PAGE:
Several workers interviewed by The Wall Street Journal say the labor proposal doesn’t go far enough to roll back concessions made by the union to help the No. 2 U.S. auto maker survive during periods of financial distress. (…)
Japan Exports Fall for First Time in Over a Year Exports slide 2.1% from a year earlier in October, the first decline since August 2014
(…) Exports to China dropped 3.6%, the third straight month of decrease. Shipments of auto parts and electronic components both suffered double-digit declines. Exports to the wider Asia region, including China, also fell 3.6%, the sharpest drop in more than a year.
Export volumes also slid 4.6%, offering another worrying sign of weakness, falling for the fourth straight month, according to the Ministry of Finance.
Japan’s trade balance—the amount by which exports exceed imports—came to a ¥111.5 billion surplus in October, the ministry said. This was the first surplus in seven months, with a 13.4% drop in imports the main factor helping push the balance into the black. Economists polled by the Nikkei and The Wall Street Journal had forecast a ¥270 billion deficit.
(…) The People’s Bank of China cut its seven-day Standing Lending Facility interest rate to 3.25 percent for local financial institutions, according to a statement posted Thursday on the central bank’s social media account. The overnight SLF rate was reduced to 2.75 percent for some local financial institutions. (…)
China Hopes to Fire Up Economy With Cheaper Gas China’s steep cuts to domestic natural gas prices are the latest sign of Beijing’s desire to prop up the country’s economic growth, even if that comes at the expense of major state-owned enterprises.
(…) The NDRC said Wednesday it was cutting benchmark city-gate prices by 0.70 yuan (11 cents) per cubic meter for nonresidential users of gas—such as factories—beginning Friday.
Though a price cut had been on the cards for months, the nearly 30% reduction in average city-gate benchmark prices for gas announced Wednesday by the National Development and Reform Commission—China’s top economic planner—was deeper than some analysts had forecast.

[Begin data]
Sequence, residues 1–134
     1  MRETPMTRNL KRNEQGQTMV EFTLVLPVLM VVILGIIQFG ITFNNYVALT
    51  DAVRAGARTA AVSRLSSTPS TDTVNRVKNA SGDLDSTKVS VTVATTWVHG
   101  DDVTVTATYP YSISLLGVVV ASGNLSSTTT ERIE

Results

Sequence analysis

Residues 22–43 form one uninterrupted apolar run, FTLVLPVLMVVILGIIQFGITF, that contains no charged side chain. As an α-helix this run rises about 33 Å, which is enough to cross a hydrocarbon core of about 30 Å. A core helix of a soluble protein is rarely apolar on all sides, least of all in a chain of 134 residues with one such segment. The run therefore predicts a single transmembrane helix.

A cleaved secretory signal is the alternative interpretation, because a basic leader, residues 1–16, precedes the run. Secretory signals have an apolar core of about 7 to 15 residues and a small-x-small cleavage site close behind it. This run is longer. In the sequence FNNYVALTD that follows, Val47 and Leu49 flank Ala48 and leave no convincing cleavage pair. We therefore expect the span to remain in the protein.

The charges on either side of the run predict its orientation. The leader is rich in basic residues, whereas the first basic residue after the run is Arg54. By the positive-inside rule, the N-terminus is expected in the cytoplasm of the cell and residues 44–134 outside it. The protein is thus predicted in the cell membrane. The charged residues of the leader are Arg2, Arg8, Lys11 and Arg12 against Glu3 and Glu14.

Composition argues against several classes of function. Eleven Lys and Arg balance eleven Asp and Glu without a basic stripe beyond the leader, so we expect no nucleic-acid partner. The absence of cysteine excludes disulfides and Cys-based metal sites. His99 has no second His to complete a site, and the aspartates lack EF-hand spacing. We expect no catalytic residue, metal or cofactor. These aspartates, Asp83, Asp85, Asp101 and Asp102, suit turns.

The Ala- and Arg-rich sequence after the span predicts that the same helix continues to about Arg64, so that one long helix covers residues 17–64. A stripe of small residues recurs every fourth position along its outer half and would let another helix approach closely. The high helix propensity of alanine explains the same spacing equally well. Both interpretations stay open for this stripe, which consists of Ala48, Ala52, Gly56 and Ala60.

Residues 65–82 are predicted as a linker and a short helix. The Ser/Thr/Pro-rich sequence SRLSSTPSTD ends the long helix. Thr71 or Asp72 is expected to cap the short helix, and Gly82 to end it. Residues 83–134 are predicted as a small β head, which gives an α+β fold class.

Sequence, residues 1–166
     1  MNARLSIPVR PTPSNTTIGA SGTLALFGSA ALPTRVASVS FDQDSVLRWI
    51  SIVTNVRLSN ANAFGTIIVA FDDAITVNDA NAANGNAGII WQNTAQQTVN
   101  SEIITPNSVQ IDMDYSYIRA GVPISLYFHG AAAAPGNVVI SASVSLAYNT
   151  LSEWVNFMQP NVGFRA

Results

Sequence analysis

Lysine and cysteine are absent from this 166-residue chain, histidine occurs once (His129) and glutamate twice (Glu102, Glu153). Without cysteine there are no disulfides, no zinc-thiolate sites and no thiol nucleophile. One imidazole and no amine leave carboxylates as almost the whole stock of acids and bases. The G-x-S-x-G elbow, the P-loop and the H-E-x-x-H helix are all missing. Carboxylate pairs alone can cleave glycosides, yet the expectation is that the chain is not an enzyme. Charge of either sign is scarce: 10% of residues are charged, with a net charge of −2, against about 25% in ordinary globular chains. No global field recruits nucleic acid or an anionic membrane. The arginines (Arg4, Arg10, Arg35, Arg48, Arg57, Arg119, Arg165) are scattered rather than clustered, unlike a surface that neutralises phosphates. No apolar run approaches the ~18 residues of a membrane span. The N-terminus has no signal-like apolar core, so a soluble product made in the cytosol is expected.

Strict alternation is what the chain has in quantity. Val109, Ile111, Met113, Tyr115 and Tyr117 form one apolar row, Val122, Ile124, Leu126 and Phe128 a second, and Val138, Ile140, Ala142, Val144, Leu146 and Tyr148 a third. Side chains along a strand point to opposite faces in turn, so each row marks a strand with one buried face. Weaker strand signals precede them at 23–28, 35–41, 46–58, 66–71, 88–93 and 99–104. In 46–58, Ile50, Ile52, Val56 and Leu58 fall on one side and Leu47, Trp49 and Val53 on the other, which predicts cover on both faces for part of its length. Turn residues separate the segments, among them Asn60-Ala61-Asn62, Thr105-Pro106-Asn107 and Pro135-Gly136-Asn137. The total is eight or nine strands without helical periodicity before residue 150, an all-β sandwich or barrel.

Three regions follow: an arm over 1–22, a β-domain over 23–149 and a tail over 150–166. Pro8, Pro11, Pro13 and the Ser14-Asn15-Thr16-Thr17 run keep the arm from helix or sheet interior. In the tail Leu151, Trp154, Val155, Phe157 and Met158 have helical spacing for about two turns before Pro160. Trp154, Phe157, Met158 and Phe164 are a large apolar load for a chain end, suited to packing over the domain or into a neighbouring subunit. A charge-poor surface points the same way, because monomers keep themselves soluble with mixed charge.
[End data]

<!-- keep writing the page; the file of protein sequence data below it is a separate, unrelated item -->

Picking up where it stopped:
City gate prices refer to how much local gas distributors pay pipeline operators such as PetroChina Co. Those distributors should be able to pass on the lower prices to industrial gas consumers, in theory helping to stimulate China’s stalling manufacturing sector. The latest move won’t impact residential gas prices. (…)
Getting gas pricing right is important for Beijing, not least because it needs to encourage companies to switch away from using coal as part of efforts to clean up polluting industry. (…)
OIL: SAUDIS WANT TO “STABILIZE MARKET”
Saudi Arabia is working with other OPEC members and producers from outside the group to stabilize the market, Saudi Oil Minister Ali al-Naimi said.
The world economy is going through an unstable situation, al-Naimi said. Crude demand is expected to rise by 1 million barrels a day every year in this decade, and the world requires more investments in oil to compensate for decline rates, he said. The decline rate of recovery at the world’s oil fields is at about 4 million barrels a day, he said.
“Saudi Arabia is a very reliable supplier. We cooperate with OPEC and non-OPEC countries to stabilize the market,” al-Naimi said at a conference in Manama, Bahrain. “We need billions of dollars to continue exploration and producing oil and to invest in spare capacity to stabilize the market.”
(…) OPEC ministers are due to meet Dec. 4 to assess the market and decide on production levels.